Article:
Cesare Pavese wrote about it in "The Moon and the Bonfires," a nostalgic novel about a Piedmontese expatriate's return home: "These are the best days of the year. Picking grapes, stripping vines, squeezing the fruit, are no kind of work; the heat has gone and it's not cold yet; under a few light clouds you eat rabbit with your polenta and go after mushrooms."
We do things differently in Southern California. In the first place, fall can be even hotter than summer. Here polenta belongs to these damp chilly days of winter.
Probably more important, we don't really go in for that whole "laboring over cooking pots thing."
Nor do we need to. You can make a really good polenta with no more effort than it would take to bake a boxed cake.
Don't believe me? I don't blame you. I went for years trying different kinds of shortcuts for making polenta and rejecting every one. Most sacrifice flavor for ease. I've tried at least a half-dozen of them -- in a covered pan, in a double boiler, even in the microwave. Some cooks who should know better have even suggested that you can simply shorten the cooking time. I've tried that too, but even the best of these shortcuts didn't come close to the deep, toasted corn flavor of a true long-stirred polenta.
As a result, my family and I ate polenta only on those rare occasions when my ambition matched my mood -- in other words, only a couple of times a year.
Shortcut that works
But now I serve polenta any time I feel like it. And these days I'm feeling like it a lot. Here's how easy preparing polenta can be: Pour water into a wide, deep pot; stir in polenta; bake; stir; bake; stir; done.
And here's the really crazy thing: It works! I can't tell you why this shortcut works so well. All I know is that it does. I first wrote about it more than 10 years ago when my old friend Paula Wolfert called me about it. Paula is the kind of cook who despairs over people not rolling their own couscous, so when she recommends any kind of shortcut, I listen.
She'd found it in Michele Ana Jordan's cookbook "Polenta." But a little later she called again to say that she'd also found it on the back of bags of Golden Pheasant polenta, a very good artisanal brand out of San Francisco. When I called the owner, he said he'd learned it years before from a friend's mom.
Though it seems impossible to determine who first discovered this technique, what's certain is that it has been repeatedly rediscovered since. In fact, a couple of years ago a writer on Chowhound took credit for it, in a post they titled "OK. . . . OK. . . . I'm giving it up, my secret way to cook polenta that is so easy you will do it again and again . . . ."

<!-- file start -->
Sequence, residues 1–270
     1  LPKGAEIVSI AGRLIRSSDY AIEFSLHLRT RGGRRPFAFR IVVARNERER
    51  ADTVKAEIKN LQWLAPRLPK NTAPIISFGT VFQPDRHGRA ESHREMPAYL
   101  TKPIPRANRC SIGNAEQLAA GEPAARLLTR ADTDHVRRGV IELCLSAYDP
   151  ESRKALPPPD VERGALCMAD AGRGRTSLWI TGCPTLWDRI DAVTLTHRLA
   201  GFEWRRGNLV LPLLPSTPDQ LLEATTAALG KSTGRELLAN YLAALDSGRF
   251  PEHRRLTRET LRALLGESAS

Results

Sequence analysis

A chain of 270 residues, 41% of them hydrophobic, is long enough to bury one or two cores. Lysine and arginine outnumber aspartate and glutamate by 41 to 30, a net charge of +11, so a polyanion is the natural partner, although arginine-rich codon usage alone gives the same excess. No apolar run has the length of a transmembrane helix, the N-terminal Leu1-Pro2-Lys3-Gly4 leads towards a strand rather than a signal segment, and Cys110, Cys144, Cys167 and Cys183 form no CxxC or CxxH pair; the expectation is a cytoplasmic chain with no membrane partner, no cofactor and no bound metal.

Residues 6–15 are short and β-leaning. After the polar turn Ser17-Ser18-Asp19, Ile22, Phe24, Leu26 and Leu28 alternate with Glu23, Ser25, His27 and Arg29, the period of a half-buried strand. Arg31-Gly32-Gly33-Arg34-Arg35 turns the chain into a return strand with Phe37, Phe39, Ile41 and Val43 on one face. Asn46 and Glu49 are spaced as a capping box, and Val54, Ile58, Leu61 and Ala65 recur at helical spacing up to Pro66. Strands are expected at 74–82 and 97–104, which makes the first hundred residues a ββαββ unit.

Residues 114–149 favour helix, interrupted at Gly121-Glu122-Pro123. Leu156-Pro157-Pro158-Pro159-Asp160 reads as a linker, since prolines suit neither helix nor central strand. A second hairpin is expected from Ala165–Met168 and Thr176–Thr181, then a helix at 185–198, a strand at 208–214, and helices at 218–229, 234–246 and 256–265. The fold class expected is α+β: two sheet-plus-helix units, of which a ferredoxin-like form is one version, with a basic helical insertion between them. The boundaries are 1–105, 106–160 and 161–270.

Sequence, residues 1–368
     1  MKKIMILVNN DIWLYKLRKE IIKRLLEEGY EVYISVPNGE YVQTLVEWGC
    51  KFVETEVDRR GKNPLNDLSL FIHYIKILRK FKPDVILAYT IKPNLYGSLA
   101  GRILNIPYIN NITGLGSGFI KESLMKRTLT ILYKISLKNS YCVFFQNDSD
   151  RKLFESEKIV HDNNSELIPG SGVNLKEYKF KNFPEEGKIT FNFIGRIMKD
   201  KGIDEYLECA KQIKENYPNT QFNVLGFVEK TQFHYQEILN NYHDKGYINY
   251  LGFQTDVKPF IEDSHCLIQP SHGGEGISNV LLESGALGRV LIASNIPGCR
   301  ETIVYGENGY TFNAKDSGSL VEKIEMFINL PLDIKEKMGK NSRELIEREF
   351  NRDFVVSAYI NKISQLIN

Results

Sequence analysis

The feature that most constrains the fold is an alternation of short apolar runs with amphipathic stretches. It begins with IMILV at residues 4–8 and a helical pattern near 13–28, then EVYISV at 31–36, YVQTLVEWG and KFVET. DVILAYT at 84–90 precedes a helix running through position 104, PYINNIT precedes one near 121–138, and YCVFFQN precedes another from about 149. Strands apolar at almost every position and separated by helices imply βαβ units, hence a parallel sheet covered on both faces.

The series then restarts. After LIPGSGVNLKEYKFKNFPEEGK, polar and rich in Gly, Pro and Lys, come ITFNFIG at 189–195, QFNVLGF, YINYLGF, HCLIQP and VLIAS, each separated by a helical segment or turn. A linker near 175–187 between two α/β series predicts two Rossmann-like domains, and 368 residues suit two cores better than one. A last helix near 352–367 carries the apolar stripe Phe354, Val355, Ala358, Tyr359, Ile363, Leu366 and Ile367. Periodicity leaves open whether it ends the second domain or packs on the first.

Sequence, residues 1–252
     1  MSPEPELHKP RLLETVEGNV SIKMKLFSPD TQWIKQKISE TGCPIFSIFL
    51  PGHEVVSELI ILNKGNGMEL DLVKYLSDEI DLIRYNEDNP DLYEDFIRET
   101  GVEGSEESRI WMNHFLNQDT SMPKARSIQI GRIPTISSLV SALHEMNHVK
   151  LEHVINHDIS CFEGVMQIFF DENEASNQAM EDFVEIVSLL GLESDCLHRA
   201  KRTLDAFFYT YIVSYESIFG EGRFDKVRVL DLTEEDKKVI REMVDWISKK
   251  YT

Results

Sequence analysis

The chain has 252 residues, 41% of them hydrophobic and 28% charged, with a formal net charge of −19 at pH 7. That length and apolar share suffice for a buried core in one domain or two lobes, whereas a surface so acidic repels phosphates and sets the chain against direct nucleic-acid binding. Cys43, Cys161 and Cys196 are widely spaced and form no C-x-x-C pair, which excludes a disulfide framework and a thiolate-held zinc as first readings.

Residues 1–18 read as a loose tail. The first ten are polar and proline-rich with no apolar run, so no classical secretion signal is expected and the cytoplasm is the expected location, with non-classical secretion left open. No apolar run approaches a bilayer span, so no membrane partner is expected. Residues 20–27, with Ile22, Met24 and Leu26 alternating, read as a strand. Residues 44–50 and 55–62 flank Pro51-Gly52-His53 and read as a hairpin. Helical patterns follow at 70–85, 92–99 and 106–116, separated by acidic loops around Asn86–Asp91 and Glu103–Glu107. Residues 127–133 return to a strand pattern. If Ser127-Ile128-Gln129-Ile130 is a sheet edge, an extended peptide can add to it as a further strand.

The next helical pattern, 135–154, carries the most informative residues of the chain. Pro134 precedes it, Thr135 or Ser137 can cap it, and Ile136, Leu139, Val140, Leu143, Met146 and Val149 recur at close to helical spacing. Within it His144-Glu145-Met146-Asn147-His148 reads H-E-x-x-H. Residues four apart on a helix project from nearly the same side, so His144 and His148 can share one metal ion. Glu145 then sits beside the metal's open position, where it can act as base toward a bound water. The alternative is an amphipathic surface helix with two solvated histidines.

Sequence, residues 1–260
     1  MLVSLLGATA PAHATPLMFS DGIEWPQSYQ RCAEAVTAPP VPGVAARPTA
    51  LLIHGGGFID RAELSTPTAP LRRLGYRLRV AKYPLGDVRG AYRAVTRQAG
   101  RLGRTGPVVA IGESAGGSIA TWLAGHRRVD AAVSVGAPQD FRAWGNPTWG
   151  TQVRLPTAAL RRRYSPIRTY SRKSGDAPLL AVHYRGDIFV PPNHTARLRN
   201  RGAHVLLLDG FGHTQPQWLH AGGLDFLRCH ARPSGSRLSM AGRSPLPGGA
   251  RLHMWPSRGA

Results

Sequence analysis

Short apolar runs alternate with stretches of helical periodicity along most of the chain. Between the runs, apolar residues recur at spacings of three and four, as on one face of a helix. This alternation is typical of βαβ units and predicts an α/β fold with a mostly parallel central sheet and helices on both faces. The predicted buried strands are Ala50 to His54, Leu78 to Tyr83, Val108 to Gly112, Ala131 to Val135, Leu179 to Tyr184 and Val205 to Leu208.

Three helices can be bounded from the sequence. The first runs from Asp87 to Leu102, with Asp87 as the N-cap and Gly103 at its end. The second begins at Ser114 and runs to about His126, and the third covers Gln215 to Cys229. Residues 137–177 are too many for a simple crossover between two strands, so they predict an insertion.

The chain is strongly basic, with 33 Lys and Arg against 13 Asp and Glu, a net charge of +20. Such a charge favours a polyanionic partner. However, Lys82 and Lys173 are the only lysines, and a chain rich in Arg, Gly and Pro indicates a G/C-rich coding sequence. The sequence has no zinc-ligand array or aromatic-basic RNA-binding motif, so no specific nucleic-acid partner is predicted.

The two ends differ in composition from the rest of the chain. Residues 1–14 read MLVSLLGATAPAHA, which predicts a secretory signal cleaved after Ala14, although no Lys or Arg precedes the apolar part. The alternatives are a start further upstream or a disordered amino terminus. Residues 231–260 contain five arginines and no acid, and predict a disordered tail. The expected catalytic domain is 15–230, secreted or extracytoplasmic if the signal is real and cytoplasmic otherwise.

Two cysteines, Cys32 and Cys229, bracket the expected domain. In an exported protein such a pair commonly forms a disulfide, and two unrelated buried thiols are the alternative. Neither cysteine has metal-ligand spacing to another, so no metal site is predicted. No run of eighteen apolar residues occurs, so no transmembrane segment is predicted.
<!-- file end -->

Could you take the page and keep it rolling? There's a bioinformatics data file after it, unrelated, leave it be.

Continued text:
Well, the secret isn't really theirs any more than it is mine, or Paula's or Michele's or the guy from Golden Pheasant's friend's mother's. But the sentiment is certainly spot-on: After you try this method, you'll use it again and again.
There is some confusion about the nature of polenta. It is coarsely ground cornmeal; depending on the region, it can be either white or yellow corn. Can you use regular cornmeal? Certainly. I made cornmeal and polenta versions of this recipe side by side, using exactly the same method. The results were slightly different, but only slightly.
Because cornmeal is more finely ground, it set up a little more quickly and became a little thicker than polenta -- more like custard than Cream of Wheat. And the polenta was a little more golden in color and richer in flavor.
I prefer polenta to cornmeal, and preferably Golden Pheasant, though it can be hard to find. (It pops up occasionally at local markets, but you can order it from www.granzellas.com, where it's $3.25 for a 1 1/2 -pound bag. Buy several to save on shipping and then store them in the freezer).
But I would certainly use cornmeal if I didn't have real polenta on hand. I even prefer it to the so-called instant polentas, which are par-cooked and dried and never seem to have much flavor.
And don't even get me started on those tubes of precooked polenta. They're fine for frying or grilling (searing covers a multitude of sins), but they're not in the ballpark when it comes to soft polenta flavor.
Well-made polenta is good by itself -- just stir in a lot of butter and Parmigiano. But it's even better when served with a sauce. The traditional accompaniment is some kind of long-braised ragù, made with beef, pork or, yes, a Piedmontese rabbit.
But there are a couple of good sauces that can be made in no more time than it takes the polenta to cook.
One of my favorites is made from mushrooms and not a whole lot more -- but you use them three ways. Sauté quartered mushrooms until they begin to brown. Add some dried porcinis that you've softened in hot water. And then finally add the strained soaking water.
Sure there are a few other ingredients -- some garlic, onion, white wine, a bit of tomato paste to add depth and thicken the sauce and some chopped herbs at the end -- but the flavor is all wild mushrooms.
For that reason, you want to use the best dried mushrooms you can find, and as much of them as you can afford. This recipe is good with a half-ounce of mushrooms (the standard supermarket envelope), but it's even better with 1 or 1 1/2 ounces.
If you want a meatier, more traditional ragù, you can still have that even if you don't want to spend a few hours braising pork. Use chicken thighs -- they'll cook quickly and still stay moist. For depth of flavor, add browned Italian sausage (either sweet or hot will work fine), and then slip in some unpitted green olives near the end. The whole thing should take less than 45 minutes to fix.
That's good, because this is Southern California and we've got better things to do than wait around for snow while we stand stirring polenta.